In a hash set, the time complexity of inserting, searching, and deleting elements is generally $O(1)$ on average. This means that these operations are performed in constant time, regardless of the size of the hash set.

When inserting an element into a hash set, the hash function is applied to the element to determine its bucket index. If there are no collisions (i.e., no other elements in the same bucket), the insertion is done in constant time. However, if collisions occur and the bucket already contains elements, the insertion time may increase slightly due to the need to resolve collisions.

Example of inserting an element into a hash set:

```
#include <unordered_set>
int main() {
std::unordered_set<int> set;
set.insert(10);// O(1) on average
set.insert(20);// O(1) on average
set.insert(30);// O(1) on average
}
```

Searching for an element in a hash set is also an $O(1)$ operation on average. The hash function is applied to the element to determine its bucket index, and then the bucket is searched for the element. If there are no collisions, the search is done in constant time. If collisions exist, the search time may increase slightly, but it still remains constant on average.

Example of searching for an element in a hash set:

```
#include <unordered_set>
int main() {
std::unordered_set<int> set = {10, 20, 30};
// O(1) on average
bool found = set.find(20) != set.end();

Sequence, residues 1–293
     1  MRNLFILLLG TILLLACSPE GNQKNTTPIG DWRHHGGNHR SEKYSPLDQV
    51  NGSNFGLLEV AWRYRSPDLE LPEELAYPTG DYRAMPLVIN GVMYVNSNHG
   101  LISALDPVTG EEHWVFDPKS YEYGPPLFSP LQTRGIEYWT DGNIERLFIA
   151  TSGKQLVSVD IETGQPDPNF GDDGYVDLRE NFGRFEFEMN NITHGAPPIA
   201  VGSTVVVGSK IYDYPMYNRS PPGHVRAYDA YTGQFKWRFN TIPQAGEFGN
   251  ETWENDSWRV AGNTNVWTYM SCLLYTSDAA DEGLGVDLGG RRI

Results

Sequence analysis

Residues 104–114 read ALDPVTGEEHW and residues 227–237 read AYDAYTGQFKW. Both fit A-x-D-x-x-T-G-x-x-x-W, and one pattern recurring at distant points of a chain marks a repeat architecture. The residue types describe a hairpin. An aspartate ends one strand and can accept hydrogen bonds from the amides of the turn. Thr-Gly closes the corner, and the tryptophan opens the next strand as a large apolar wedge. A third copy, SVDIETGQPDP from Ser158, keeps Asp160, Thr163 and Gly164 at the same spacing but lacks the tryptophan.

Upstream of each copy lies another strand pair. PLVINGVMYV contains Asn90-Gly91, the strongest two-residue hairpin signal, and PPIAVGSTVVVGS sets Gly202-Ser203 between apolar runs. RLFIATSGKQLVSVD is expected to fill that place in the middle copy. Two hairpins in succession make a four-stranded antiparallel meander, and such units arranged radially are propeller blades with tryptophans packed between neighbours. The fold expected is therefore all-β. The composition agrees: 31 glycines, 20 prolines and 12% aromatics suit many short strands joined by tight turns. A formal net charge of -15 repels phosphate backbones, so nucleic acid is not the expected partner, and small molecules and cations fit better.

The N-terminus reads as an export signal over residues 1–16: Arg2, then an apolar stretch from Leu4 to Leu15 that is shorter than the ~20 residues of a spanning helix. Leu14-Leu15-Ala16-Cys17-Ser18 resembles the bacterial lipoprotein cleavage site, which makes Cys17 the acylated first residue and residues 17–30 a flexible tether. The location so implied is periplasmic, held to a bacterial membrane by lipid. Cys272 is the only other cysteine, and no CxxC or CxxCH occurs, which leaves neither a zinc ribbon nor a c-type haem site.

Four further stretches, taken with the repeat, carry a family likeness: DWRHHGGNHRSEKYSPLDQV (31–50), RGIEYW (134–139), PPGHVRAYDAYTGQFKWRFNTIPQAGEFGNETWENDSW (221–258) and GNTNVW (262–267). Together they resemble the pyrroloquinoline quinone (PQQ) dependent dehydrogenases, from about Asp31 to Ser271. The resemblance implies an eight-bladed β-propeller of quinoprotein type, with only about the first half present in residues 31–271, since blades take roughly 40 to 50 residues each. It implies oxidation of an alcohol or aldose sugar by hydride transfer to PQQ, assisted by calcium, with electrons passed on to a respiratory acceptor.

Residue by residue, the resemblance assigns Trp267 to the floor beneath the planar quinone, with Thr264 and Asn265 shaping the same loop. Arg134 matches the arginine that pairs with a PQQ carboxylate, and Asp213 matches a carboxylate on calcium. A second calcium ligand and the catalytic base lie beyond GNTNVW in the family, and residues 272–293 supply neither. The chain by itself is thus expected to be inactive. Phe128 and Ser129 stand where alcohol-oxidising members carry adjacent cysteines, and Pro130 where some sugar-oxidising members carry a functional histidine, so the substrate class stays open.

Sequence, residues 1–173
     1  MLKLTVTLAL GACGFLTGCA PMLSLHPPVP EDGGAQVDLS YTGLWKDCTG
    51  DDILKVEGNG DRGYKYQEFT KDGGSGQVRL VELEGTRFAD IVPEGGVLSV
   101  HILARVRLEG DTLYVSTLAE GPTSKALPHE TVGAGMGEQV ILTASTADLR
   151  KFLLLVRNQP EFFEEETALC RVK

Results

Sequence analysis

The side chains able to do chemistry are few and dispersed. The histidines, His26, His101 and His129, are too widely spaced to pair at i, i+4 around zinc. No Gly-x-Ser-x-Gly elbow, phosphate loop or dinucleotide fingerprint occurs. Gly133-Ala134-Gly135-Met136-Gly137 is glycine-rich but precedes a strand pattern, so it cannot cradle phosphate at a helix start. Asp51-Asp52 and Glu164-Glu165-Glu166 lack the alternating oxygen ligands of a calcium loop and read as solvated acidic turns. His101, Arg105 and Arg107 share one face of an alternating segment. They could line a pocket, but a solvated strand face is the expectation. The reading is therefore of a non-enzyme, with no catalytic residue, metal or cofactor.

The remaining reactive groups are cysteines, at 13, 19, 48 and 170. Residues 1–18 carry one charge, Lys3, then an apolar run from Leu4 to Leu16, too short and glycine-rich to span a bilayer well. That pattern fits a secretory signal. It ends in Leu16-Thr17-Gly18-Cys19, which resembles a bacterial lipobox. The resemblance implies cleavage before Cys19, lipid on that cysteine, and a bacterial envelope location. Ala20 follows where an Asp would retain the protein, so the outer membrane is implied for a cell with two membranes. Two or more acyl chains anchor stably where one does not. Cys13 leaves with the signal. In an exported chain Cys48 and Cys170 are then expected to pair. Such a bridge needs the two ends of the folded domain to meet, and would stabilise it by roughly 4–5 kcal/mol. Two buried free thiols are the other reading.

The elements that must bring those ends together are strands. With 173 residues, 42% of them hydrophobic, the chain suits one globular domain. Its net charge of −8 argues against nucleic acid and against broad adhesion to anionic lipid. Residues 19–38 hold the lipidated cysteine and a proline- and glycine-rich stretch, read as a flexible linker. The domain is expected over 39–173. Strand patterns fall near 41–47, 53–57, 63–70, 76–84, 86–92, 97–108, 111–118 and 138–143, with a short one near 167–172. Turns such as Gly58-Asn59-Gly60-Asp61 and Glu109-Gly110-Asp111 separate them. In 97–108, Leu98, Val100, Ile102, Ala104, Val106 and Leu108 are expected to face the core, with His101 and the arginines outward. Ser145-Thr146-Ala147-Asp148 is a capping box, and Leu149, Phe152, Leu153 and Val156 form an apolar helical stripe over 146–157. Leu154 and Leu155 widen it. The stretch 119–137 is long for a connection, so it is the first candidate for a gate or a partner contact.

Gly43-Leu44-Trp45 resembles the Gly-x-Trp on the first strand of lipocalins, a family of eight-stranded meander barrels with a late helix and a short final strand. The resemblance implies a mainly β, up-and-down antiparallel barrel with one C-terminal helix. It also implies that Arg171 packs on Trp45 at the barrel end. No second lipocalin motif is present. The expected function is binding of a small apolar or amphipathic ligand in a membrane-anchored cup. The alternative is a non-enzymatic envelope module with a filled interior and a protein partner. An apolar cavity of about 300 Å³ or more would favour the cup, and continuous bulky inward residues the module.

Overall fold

}
```

Deleting an element from a hash set follows a similar process as searching. The hash function is applied to the element to locate its bucket, and then the element is removed from the bucket. The deletion operation is also $O(1)$ on average.

Example of deleting an element from a hash set:

```
#include <unordered_set>
int main() {
std::unordered_set<int> set = {10, 20, 30};
set.erase(20);// O(1) on average
}
```

It's important to note that the constant time complexity of hash set operations relies on a good hash function that minimizes collisions and ensures an even distribution of elements across the buckets. If the hash function is poorly designed or there are many collisions, the time complexity may degrade to O(n) in the worst case, where n is the number of elements in the hash set.

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This Question is from the Lesson:### Data Structures and Algorithms

This lesson introduces the concept of data structures beyond arrays, and why we may want to use alternatives.